CROW AGENCY — After a fire gutted a long-standing downtown grocery store Thursday night, the Crow Reservation’s largest town has not just lost the only source of fresh produce and cooking ingredients in a 14-mile radius, but also the community’s central social hub.
“It’s the main spot,” Crow Agency resident Leda Falls Down said Friday. Falls Down was one of a steady stream of former customers who pulled up to the shuttered Crow Mercantile that morning. “We sit in the parking lot. That’s where I catch up with my nieces.”
The grocery store, known colloquially among residents as the “Crow Merc,” erupted in flames Thursday sometime after 9:30 p.m., after workers had headed home for the night. It was under control about two hours later, according to Big Horn County Disaster and Emergency Services Coordinator Ed Auker.
The next morning, daylight filtering through a burned hole in the roof shone on few places in the scorched interior that had been spared the immense heat and smoke damage. The acrid smell of wet ash hung in the air, piles of singed food stood on shelves where the plastic packaging had warped and peeled away, and a slurry of soot and water stood several inches deep on the floor. An insurance adjuster had yet to provide an official accounting of the damages, but co-owner Jim Watt wasn’t holding out much hope.
“It looks like a total loss to me,” said Watt, who along with his two brothers inherited the business from their father, who bought the original store in 1970.
The 8,000-square-foot building became the new site of the Crow Merc in 2011. Before that, the business had operated for more than 60 years in a building across the street.
With the loss of the grocery store, local food options for residents of Crow Agency have shrunk dramatically. Situated on the northern edge of the sparsely populated Crow Reservation, the town of 2,000 has few businesses left.
CROW AGENCY -- It used to be that when Crow Agency resident D.K. Falls Down wanted to do her grocery shopping, she would drive nearly 15 miles…
Aside from a convenience store and small breakfast cafe, the nearest source of food is 14 miles northwest, off the reservation, in the town of Hardin. South on the interstate, it’s 22 miles to the Independent Grocers of America store in Lodge Grass. And in a town where the U.S. Census Bureau estimates nearly 40 percent of residents live below the poverty line, many people don’t have a car, let alone extra gas in the tank for long-distance grocery trips.
“This is the main source of food. I have a large family, so I really depend on the Crow Merc,” said Loretta Shane, another regular who drove downtown Friday to survey the damage.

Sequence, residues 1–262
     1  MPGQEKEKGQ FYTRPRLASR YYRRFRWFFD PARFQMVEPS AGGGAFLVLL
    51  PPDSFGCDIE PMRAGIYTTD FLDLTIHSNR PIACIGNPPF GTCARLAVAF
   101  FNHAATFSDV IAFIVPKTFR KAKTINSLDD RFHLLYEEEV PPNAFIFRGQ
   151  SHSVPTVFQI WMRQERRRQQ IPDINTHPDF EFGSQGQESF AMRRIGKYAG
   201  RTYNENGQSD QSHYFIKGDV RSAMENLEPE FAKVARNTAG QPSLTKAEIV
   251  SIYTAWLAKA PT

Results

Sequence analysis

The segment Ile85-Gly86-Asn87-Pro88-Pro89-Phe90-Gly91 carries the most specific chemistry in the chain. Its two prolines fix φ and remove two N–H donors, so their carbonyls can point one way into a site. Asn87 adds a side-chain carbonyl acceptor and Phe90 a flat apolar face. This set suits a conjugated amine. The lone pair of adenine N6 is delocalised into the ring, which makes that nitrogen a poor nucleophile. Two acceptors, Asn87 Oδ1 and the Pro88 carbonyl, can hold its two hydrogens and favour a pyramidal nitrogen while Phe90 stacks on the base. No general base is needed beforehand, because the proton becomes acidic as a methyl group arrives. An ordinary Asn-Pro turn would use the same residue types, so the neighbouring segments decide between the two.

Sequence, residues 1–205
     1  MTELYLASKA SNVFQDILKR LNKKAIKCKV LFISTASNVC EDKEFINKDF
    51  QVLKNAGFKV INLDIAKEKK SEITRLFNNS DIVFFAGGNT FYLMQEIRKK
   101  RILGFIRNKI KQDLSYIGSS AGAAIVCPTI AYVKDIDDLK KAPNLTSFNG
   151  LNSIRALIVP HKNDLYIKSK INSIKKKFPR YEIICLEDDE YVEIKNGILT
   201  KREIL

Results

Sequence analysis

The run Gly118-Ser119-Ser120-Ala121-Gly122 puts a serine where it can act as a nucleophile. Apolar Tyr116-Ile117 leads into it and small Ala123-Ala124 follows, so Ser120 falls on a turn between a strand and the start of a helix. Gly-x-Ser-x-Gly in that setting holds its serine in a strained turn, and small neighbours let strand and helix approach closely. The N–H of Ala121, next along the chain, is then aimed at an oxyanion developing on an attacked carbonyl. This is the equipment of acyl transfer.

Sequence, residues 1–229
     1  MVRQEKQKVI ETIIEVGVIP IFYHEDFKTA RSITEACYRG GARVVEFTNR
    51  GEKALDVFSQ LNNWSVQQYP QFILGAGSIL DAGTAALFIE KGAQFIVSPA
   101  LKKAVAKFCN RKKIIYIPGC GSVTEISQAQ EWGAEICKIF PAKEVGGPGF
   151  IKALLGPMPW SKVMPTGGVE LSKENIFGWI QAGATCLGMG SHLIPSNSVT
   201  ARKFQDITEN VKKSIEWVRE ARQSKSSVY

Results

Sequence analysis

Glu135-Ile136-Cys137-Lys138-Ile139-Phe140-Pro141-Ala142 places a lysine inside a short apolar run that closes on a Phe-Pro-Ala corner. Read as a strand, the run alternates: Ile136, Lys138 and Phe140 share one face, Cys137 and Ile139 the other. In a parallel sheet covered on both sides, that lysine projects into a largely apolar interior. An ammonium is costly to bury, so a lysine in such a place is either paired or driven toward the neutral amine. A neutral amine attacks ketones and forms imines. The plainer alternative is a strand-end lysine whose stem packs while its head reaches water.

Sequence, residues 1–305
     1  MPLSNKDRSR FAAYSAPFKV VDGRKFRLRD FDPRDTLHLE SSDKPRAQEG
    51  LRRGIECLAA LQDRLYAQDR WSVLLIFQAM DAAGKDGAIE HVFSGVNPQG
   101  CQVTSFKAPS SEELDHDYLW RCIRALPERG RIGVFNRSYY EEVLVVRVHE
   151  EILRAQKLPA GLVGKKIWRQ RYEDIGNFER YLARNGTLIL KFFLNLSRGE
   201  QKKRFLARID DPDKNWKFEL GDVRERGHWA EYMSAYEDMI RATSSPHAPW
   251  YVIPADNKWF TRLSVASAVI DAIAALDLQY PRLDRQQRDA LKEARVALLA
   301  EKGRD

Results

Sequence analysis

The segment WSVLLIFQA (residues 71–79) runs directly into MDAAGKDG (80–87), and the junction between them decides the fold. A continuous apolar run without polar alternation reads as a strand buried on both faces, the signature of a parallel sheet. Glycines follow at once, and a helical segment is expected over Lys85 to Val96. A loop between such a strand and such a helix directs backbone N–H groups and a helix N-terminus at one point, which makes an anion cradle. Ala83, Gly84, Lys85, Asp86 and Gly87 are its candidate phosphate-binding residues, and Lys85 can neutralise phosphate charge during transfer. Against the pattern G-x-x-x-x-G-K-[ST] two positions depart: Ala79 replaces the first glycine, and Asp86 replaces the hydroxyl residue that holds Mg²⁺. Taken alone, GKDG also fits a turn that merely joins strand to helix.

Shane lives in Crow Agency with her husband and their seven children. She operates a food vendor business, Greasy Mouth Concessions, which includes a food truck and local catering. She said she’s not the only local food vendor that depends on the grocery store for ingredients.
“We’ll probably buy in bulk in Hardin or in Billings, but we really can’t store that much (food),” she said.
Beyond the town’s overnight food desertification, though, Shane said she worries about the loss of a central gathering place to the reservation.
“They all come at different times. I’ll see cousins I haven’t seen in weeks,” she said. “This is a really important business.”
Few other options remain. The community’s main event center, the “multi-purpose building,” lies well outside the main downtown and residential areas. The adjacent administrative buildings have been shuttered or partially shut down as the tribal government faces cascading financial problems, and even at its previous location, the Crow Merc historically served as the center of social life downtown.
“Right when we open, people all come in here (to) buy their breakfast,” said Harriet Driftwood, a 27-year employee who most recently worked as the customer service clerk. She smiled as she noted that the deli’s biscuits and gravy was the bestseller. “Everyone, they hang out here. Everyone likes it here.”
Driftwood is one of 18 employees now out of work, said Ed Watt. Another is the sister of Fontana Stewart, who she said has been “freaking out” since news of the fire broke Thursday night on social media.
Stewart, like many in town, grew up accompanying her parents to the Crow Merc. She also briefly worked at the grocery store, and studies at nearby Little Big Horn College. During breaks between classes, she’d often walk over to chat with friends or help her sister out at work.
“When you pull up and see a relative or friend, you end up talking at your car,” Stewart said. With a laugh, she added, “They’ll meet up outside and talk for hours. And then they’ll go inside and visit some more.”
Niki Stewart, who organizes local food drives in the town and surrounding communities, said she’s praying for the owners, who she said have always stepped up with food donations when she asks.
“The Watt brothers have been a big component in everything I do,” Niki Stewart said.
She added that even for Crow tribal members outside of Crow Agency, the mercantile carries many goods that they can’t get elsewhere.
“Blue Bird flour. It makes the best fry bread,” she said. “They almost cater to the community, (to) what our needs are.”
The fire’s cause remained unknown Friday morning, but Jim Watt said it appeared to have begun near the deli area. He didn’t have an immediate estimate of the damage.
Ed Watt said he and his brothers are still waiting for word from their insurance company before they begin to guess at whether they will be able to reopen at some point.
“It’s not a matter of weeks or anything,” he said. “It’s months and months.”
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The Billings Gazette's Juliana Sukut contributed to this report.
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